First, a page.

There is, of course, a reasonable argument for allowing ‘general’ political donations, much of which is no doubt given without ulterior motives. Former Liberal leader John Hewson and others have long argued for limiting donations to individuals only. An idea with considerable merit as long as it also caps them (to an amount well below what billionaires would consider loose change). But even then, regulation wold be required for the necessary public scrutiny and to avoid multiple donations below the threshold.
The other argument for political donations is that they help to fund the political parties in general, and elections in particular. Both the Liberals and Labour are $100 million dollar enterprises that rely on donations – witness the unsavoury fight over the Cormack Foundation in Victoria to see just how desperately they rely on it – and thus they would fight hard against the abolishment of donations. Just as hard as they resist a federal corruption watchdog, another common sense reform long overdue.
Public funding of the 2016 federal election was $53 million, roughly one third of the total cost of that election. I would argue that in our very affluent country we can afford for the costs of elections to be paid in full by the public purse. It’s a small price to pay for having qualified candidates and representatives freed from funding worries and the potential risk of inducement that comes with it.
The only other alternative to banning political donations (and inducements of any kind) is to mandate immediate (real-time) and full public disclosure; not the mismatch of rules and regulations that exist today (such as the arbitrary $13,500 disclosure threshold for donations, but not 2 x $13,499). The best regulation is almost always to keep it simple, and it is also time the Australian Electoral Commission was told to enter the digital age and modernise its archaic operations.
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In my book – “Why Democracy is Broken – A Blueprint for Change” – I propose a new model of democracy where the role of the political party is effectively removed from its current role as the unwanted middle-man between the voters and their representatives. In that scenario the political parties become more like advocacy groups – an important function in a modern democracy.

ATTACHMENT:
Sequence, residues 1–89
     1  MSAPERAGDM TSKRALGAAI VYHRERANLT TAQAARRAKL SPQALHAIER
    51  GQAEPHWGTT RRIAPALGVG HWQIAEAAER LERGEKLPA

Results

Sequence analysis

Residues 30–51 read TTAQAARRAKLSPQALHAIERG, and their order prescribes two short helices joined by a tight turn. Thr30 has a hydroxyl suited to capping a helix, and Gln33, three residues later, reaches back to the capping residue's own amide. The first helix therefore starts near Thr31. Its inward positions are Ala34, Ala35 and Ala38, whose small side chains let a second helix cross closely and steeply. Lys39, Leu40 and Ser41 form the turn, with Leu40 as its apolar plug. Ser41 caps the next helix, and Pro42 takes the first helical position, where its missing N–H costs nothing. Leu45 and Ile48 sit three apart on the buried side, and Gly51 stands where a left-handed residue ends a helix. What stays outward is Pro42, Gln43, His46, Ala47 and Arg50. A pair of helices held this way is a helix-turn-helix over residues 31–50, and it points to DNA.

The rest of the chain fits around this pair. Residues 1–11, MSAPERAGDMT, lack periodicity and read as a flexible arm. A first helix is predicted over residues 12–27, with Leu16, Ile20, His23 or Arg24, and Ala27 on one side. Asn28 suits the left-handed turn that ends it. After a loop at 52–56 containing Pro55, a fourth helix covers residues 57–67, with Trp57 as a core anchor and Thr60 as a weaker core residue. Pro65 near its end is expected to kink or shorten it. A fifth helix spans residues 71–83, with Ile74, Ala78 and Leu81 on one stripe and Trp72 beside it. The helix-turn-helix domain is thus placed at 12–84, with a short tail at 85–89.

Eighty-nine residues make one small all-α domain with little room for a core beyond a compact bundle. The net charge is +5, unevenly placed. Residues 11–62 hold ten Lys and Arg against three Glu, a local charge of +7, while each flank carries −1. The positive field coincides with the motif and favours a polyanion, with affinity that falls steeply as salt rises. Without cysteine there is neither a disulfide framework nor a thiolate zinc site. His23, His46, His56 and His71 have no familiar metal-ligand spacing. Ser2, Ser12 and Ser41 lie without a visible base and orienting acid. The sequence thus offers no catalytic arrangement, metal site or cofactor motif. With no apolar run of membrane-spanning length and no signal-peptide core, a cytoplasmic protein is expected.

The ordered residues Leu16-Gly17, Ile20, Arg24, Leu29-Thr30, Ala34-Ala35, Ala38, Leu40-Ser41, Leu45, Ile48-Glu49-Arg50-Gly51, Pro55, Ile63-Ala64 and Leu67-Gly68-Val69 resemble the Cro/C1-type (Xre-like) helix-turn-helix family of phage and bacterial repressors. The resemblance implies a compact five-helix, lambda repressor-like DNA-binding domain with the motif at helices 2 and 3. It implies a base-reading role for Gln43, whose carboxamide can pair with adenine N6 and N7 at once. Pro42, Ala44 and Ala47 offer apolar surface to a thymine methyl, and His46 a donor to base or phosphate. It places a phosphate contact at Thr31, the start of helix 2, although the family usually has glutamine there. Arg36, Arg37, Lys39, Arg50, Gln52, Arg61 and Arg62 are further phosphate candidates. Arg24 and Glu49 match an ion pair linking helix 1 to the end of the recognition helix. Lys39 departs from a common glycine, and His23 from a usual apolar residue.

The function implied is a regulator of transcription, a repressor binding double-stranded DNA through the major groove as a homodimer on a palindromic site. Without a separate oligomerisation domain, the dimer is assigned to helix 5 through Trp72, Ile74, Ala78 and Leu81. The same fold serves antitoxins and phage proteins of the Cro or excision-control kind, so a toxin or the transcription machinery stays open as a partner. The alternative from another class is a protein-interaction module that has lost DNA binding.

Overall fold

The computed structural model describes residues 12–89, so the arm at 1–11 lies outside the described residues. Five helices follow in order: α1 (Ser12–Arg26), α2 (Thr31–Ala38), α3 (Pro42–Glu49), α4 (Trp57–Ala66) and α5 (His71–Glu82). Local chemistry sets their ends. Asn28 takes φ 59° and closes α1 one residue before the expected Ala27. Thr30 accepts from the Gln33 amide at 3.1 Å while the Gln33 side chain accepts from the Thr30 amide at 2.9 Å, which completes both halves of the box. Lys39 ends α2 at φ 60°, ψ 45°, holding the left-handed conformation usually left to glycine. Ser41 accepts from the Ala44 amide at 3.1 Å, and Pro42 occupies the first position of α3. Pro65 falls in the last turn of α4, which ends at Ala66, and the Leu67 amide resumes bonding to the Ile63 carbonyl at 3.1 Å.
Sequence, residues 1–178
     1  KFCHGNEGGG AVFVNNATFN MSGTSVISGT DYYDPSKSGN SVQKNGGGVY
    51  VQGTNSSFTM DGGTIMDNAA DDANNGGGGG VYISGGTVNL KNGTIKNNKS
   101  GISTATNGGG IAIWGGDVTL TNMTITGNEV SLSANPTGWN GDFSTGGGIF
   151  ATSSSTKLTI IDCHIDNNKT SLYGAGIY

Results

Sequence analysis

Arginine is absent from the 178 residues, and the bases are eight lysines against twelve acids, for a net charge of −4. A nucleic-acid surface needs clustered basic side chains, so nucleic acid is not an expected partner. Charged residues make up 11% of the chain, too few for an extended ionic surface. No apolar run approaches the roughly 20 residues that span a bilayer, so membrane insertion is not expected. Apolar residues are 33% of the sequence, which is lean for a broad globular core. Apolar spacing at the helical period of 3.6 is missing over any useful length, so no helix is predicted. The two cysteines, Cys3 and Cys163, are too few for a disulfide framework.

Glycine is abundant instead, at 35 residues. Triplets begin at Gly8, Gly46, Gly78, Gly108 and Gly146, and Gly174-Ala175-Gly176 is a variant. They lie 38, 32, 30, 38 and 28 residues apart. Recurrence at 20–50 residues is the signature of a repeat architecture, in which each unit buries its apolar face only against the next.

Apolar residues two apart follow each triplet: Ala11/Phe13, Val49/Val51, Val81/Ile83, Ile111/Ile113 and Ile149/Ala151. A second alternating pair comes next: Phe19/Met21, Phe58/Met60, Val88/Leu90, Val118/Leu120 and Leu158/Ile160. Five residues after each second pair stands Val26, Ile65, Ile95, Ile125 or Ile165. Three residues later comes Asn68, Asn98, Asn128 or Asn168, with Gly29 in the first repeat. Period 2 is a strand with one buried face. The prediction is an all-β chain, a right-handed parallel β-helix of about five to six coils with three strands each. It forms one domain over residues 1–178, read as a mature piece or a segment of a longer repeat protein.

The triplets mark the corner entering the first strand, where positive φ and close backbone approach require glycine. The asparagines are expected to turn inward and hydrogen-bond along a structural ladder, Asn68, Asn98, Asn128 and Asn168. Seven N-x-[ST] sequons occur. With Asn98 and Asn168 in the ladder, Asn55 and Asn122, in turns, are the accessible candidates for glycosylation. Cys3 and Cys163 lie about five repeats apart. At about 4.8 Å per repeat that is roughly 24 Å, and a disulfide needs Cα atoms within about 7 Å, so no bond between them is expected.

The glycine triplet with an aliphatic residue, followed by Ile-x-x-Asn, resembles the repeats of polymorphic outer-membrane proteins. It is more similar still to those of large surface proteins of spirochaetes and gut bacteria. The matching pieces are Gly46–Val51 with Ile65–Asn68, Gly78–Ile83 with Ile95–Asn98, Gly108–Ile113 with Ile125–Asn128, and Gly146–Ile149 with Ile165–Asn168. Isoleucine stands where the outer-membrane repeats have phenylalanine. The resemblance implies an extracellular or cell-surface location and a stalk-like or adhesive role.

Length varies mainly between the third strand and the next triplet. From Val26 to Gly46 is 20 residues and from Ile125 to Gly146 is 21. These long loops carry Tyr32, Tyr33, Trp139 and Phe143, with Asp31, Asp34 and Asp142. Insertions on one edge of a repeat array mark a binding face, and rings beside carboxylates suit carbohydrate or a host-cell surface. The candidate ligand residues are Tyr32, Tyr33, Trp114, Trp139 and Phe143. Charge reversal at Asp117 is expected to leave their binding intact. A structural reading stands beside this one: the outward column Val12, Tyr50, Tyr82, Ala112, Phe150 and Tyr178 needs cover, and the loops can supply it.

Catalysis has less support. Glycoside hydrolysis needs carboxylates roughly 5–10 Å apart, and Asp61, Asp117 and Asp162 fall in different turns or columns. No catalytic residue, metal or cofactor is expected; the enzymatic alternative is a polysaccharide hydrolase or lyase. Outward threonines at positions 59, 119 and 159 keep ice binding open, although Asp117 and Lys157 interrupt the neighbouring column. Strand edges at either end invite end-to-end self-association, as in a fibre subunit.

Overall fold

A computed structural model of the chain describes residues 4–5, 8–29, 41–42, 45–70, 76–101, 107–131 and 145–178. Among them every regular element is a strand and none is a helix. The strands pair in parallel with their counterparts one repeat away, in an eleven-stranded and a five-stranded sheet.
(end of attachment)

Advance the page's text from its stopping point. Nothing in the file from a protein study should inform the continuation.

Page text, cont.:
Advocacy groups, including ‘think tanks’ and other such forums, are cradles of ideas, arenas for fresh thinking and avenues for championing causes. Their role is paramount to an open, dynamic democracy where public debate is welcomed, not shackled by the narrow and adversarial prism of self-centered partisanship.
Advocacy groups must by definition be independent of the public purse and as such free to fund themselves, including from donations. We need more open debate in this country, advocacy groups help serve that purpose; hence channeling donations towards them away from political parties serves democracy. The Gina Rinehart’s of this world are free to set up and fund their own groups, as they do; and in that context I also have no problem with Xi Jinping establishing a propaganda unit in Canberra. As long as it is open and transparent and adhering to Australian law; and doesn’t donate to politicians (or any government officials for that matter).
Mr Xi may even learn a thing or two about true democracy. Or he’ll tire of the lack of influence he’ll have when everything is in the open. Fact is, this whole debate is all about transparency.